The GH4 became one of the most popular and highly demanded cameras for video shooters available on the market in 2014. As with any other camera system, it takes some time and practice before one can master the tool, especially when it comes down to using the optimal settings for shooting video and especially 4K video.
Back in the old days of Canon DSLRs, it was a lot easier to accomplish the flattest possible look in-camera by loading the CineStyle Profile and just dialing down the contrast, sharpness and saturation. Now, the Panasonic GH4 gives you a lot more room for tweaking and adjusting. You have dedicated Cinema style picture profiles, curve adjustments, master pedestal settings, etc.
The camera is flexible, indeed, and provides many options to achieve the desired look. However, it is a lot easier to take the things too far by overdoing the adjustments and ruin the picture. All you need is the flattest image possible with the maximum dynamic range captured inside the camera, thus giving you better grading experience in post.
According to Noam Kroll, we shouldn’t treat our GH4 as an ARRI Alexa or Red Epic and try to emulate their Log settings because by pushing the levels too far it would be almost impossible to recover the image in post afterwards. For instance, pushing up the black levels will introduce a lot of noise in the picture and won’t help, on the contrary.
In general, when shooting video with the GH4, one should try to achieve the desired look inside the camera by applying the optimal settings, but not pushing them too far.
After spending some time with his camera, Noam suggests the following settings for achieving more cinematic look:
CINE D Picture Profile
Noise Reduction: -5
Generally with Cine D, the biggest thing that I am focused on is reducing the saturation. Although the picture profile is flat, it’s still relatively saturated (unlike a true log profile), which means in post when I add any sort of grade to the footage it can become over saturated pretty quickly. By pulling down the saturation in camera, it seems to put things at a better baseline for color grading. I also turn down the sharpness and noise reduction as the GH4 is very sharp naturally (almost too sharp), and I can get far better noise reduction results in post using Neat Video. In terms of the contrast, I always leave it at 0 for Cine-D as bringing it down too far can introduce some strange artifacting, and this picture profile is already very flat.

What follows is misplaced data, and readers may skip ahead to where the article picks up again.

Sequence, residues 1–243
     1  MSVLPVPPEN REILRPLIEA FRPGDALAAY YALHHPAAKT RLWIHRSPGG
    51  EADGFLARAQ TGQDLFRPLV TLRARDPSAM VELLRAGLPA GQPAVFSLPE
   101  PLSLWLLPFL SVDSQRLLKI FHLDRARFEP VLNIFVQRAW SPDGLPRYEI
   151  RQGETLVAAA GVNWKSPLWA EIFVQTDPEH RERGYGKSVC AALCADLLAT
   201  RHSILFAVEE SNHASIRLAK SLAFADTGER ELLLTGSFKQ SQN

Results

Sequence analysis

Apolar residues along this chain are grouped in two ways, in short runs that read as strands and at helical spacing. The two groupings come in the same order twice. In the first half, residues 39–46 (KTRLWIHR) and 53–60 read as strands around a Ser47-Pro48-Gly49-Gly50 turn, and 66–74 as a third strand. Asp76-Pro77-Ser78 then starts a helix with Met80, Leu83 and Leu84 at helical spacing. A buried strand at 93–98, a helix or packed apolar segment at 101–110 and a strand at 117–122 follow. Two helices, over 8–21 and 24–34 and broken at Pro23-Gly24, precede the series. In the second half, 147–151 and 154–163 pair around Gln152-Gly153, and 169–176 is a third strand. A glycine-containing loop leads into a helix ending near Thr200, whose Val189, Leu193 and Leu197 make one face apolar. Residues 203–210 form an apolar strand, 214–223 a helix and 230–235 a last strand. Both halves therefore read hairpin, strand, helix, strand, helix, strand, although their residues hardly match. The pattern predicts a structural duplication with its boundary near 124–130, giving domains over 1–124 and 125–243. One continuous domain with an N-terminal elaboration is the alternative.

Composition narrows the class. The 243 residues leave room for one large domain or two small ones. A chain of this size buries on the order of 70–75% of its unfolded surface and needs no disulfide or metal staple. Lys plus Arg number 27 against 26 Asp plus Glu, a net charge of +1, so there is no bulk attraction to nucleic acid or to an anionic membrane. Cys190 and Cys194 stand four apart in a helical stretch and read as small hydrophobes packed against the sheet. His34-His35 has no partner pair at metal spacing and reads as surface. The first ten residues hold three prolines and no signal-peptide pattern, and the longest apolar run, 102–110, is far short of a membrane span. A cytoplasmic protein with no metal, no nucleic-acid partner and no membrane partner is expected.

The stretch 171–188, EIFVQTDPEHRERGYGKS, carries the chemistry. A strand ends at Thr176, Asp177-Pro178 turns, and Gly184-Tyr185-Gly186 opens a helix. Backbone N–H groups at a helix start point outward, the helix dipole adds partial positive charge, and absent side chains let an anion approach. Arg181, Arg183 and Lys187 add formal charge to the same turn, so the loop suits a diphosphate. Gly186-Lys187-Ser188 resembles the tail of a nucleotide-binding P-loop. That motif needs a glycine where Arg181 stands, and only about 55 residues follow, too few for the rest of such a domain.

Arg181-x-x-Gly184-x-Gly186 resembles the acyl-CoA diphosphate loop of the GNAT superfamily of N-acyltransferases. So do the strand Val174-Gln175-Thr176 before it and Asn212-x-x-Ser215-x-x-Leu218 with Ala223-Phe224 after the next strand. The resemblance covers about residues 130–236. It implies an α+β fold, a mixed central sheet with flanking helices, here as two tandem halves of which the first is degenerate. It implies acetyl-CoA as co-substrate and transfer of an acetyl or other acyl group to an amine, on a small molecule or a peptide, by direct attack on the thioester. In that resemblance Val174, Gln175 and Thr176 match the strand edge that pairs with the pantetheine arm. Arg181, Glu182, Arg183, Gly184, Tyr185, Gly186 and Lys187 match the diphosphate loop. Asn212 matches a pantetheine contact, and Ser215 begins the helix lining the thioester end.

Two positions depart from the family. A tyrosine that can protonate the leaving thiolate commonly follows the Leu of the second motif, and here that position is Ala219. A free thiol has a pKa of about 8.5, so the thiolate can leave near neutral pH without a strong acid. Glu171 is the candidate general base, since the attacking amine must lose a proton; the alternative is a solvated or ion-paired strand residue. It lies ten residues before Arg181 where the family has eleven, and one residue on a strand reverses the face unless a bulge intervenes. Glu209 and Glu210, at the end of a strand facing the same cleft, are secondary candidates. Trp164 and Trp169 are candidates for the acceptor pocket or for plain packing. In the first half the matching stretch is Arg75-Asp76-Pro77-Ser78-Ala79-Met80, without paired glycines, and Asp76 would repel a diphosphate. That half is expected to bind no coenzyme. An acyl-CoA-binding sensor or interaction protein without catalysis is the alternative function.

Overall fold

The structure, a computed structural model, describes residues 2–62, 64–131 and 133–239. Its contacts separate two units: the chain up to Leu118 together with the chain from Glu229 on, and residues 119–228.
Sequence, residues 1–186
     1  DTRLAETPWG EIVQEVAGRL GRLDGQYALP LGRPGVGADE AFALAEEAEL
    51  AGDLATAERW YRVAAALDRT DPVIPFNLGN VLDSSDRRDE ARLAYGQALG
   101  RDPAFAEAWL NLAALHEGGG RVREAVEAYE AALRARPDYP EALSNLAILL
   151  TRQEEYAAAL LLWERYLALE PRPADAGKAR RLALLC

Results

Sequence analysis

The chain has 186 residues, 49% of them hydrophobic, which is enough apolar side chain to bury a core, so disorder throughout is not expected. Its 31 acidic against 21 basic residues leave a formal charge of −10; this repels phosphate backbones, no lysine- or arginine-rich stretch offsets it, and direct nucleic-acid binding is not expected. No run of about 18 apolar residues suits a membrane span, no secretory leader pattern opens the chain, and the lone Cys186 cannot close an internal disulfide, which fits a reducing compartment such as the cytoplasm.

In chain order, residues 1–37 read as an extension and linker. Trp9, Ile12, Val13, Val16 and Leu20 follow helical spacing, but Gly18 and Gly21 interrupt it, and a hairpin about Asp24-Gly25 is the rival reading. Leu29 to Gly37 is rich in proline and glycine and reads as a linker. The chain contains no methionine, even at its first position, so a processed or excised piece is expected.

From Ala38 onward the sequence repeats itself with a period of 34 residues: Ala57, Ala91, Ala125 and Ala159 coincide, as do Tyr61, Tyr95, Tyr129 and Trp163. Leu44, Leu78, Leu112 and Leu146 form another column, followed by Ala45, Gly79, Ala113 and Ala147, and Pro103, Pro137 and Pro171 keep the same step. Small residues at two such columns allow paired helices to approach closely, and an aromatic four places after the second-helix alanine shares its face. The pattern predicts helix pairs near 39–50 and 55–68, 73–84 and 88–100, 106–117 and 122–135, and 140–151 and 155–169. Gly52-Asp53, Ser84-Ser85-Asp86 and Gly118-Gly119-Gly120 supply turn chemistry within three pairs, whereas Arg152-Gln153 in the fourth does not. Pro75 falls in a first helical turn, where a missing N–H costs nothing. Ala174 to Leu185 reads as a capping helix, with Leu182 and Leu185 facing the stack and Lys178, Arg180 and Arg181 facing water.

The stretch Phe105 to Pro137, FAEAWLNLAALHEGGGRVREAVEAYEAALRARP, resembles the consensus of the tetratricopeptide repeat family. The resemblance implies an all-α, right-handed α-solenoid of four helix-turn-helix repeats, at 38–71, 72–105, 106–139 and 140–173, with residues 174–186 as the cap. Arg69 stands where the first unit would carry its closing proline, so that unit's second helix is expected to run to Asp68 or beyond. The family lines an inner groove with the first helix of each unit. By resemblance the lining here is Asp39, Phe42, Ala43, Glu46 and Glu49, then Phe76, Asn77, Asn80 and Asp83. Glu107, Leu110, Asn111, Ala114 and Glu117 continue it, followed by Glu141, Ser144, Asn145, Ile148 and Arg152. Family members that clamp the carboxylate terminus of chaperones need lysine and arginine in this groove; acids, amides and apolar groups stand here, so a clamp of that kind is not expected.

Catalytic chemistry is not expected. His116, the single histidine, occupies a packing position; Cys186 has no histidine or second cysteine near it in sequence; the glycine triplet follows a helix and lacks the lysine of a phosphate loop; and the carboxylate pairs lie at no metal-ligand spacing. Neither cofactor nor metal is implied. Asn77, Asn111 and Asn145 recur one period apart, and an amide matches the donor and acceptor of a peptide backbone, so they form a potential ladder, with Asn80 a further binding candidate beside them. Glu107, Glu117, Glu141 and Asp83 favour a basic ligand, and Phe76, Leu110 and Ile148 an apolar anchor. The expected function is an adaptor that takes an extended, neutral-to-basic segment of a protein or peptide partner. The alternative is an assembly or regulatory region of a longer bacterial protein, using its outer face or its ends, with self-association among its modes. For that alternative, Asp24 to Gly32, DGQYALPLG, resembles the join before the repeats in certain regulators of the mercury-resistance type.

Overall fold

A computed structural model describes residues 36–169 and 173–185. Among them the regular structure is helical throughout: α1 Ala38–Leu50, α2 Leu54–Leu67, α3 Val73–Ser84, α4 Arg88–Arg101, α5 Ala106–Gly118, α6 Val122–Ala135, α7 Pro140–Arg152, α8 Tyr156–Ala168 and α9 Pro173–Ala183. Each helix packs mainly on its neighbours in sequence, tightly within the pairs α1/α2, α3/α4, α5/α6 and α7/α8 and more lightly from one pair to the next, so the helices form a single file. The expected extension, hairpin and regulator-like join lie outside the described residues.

CINE V Picture Profile
Noise Reduction: -5
My approach with Cine V is the opposite of what I do with Cine D to some extent. While I also keep the sharpness/NR to -5 for the same reasons stated above, I do like to dial the contrast back based on the nature of this profile. Cine V naturally has a pretty heavy contrast curve applied to it (which looks really nice), but in most situations it can just be a bit too much. By pulling back on the contrast I am able to get a smoother roll off to the shadows, and keep the image looking a bit flatter. The image ends up still looking a touch too contrasty at times, but I have found that bringing down the contrast in post ends up giving me better results than trying to bump up the black levels too high in camera.
Here are some frame grabs from Kroll’s work using the listed picture profiles:
Depending on the scene Noam Kroll is shooting, 90% of the time he uses one of the two setting combinations listed above. In some rare instances, he makes some additional adjustments within the picture profile to compensate for lighting or color temperature issues. The suggested settings are great examples and excellent starting points for shooting with the GH4. Though, they might seem too basic, they will give you pleasant cinematic look with a plenty of dynamic range.
[via Noam Kroll]
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